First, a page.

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3 Salmonella cases linked to ducklings; Minn. health officials urge precautions

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ST. PAUL - Minnesota Department of Health investigators have linked three cases of salmonellosis to ducklings purchased from the Tractor Supply Company store in Inver Grove Heights.

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The three cases are associated with a multi-state outbreak of Salmonella-related illness being investigated by the U.S. Centers for Disease Control and Prevention, state health officials said Tuesday.

The Minnesotans who got sick ranged in age from 18 to 60. All three cases occurred from late March through early April and were caused by the Salmonella infantis bacteria, which has been previously associated with poultry.

While these three cases had one type of Salmonella bacteria in common, any chick or duck can carry a variety of Salmonella strains, state health officials warned.

Dr. Joni Scheftel, state public health veterinarian with the Minnesota Department of Health, said the outbreak underscores the importance of washing your hands thoroughly after handling chicks, ducklings or other birds.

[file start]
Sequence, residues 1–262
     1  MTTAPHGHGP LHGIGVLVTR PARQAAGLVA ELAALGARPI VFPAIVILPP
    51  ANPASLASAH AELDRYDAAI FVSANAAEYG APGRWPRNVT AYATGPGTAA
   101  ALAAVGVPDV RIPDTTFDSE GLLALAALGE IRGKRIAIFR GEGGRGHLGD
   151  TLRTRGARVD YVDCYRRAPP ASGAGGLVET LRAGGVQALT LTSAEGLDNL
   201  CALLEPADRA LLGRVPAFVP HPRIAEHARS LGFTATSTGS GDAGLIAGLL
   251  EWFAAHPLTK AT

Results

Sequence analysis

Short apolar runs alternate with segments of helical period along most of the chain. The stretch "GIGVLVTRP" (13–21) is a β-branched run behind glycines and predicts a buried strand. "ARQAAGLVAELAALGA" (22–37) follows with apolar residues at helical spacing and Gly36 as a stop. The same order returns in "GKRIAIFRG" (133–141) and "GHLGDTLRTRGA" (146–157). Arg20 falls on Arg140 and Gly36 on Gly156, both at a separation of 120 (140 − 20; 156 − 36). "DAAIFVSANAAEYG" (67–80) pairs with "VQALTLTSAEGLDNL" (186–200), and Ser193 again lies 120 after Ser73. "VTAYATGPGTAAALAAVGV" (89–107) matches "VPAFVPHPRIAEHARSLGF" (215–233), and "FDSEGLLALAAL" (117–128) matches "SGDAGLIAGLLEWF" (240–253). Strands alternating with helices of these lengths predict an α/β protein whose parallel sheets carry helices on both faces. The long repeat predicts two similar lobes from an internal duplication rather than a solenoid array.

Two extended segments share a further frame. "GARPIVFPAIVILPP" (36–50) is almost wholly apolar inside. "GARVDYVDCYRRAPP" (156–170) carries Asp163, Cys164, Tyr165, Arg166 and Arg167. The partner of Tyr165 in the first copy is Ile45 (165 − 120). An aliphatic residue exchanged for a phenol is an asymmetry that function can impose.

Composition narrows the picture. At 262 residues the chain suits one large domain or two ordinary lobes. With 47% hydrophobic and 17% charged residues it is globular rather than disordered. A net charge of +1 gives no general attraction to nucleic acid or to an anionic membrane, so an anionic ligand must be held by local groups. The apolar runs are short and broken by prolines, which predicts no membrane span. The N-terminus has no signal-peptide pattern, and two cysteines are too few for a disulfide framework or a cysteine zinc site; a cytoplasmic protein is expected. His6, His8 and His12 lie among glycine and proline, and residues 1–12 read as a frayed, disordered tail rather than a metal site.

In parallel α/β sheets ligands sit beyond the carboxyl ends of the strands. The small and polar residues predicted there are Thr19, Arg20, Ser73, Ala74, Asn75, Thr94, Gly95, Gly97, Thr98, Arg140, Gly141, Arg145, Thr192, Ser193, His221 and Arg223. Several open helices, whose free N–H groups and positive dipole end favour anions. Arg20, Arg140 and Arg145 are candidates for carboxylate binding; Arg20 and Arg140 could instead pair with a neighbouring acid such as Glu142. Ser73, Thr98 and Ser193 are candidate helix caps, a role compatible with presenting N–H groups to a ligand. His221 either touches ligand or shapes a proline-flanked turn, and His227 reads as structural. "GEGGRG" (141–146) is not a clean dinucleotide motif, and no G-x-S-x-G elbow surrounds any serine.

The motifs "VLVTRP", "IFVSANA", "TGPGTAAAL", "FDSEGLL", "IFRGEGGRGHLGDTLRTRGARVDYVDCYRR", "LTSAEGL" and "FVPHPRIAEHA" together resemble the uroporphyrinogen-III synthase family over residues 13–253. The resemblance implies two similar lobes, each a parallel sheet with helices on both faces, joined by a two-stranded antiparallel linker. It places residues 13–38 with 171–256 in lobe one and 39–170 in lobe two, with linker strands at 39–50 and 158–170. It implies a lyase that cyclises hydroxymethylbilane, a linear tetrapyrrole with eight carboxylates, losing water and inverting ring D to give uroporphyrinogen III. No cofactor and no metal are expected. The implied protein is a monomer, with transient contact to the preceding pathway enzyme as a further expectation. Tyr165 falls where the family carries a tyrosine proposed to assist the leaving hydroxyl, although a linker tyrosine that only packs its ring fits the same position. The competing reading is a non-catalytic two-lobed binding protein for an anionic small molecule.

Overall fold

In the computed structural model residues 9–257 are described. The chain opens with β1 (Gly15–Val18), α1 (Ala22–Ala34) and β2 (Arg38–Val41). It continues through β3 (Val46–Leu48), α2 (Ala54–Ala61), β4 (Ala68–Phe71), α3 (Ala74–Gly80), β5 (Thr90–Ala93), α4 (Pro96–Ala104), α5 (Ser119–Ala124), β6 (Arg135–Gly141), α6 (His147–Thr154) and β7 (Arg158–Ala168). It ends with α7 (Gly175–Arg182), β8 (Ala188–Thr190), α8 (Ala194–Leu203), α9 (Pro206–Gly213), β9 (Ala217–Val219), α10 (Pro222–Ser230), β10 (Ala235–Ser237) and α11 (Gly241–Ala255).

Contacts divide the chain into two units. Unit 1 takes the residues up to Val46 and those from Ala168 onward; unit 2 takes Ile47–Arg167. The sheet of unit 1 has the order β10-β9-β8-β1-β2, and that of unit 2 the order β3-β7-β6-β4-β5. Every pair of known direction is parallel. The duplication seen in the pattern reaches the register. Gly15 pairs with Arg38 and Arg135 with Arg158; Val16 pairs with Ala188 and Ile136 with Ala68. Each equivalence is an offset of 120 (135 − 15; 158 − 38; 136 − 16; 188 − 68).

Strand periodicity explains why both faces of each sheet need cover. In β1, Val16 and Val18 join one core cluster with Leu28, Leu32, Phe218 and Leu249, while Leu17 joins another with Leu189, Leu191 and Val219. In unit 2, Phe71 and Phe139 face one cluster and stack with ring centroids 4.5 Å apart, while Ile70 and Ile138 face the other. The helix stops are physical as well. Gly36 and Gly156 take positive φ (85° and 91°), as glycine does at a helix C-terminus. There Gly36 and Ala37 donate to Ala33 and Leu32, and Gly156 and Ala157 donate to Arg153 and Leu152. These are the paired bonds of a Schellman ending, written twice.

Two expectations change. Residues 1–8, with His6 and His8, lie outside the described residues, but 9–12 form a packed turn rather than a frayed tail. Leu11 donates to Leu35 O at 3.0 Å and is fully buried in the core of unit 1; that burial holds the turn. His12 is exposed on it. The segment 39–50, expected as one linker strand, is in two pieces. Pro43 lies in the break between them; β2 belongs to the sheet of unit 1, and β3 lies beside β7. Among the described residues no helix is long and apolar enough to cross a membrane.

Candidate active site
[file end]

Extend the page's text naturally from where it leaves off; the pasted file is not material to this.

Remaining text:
“Chicks and ducklings can be a great attraction for children and families this time of year, but they can also be a source of illness,” Scheftel said. “That is why it is so important for people handling them to take steps to prevent infection.”

Young children are especially at risk of contracting Salmonella from chicks and ducks and are also more likely to develop serious complications. During a similar outbreak of salmonellosis in 2008, nine of 14 chick-associated cases were in children 12 or younger.

Salmonella illness can cause diarrhea, vomiting and fever. About one in five of the cases reported each year to the Minnesota Department of Health are severe enough to require hospitalization.

State health officials urge people to wash their hands after handling live poultry and to avoid eating or drinking around poultry or poultry yards. Parents should not let children younger than 5 handle or play with live poultry, and older children should be supervised while handling poultry.

Birds may shed Salmonella bacteria even when they appear healthy. Birds that look clean may still have enough germs on their feathers or feet to infect a human.

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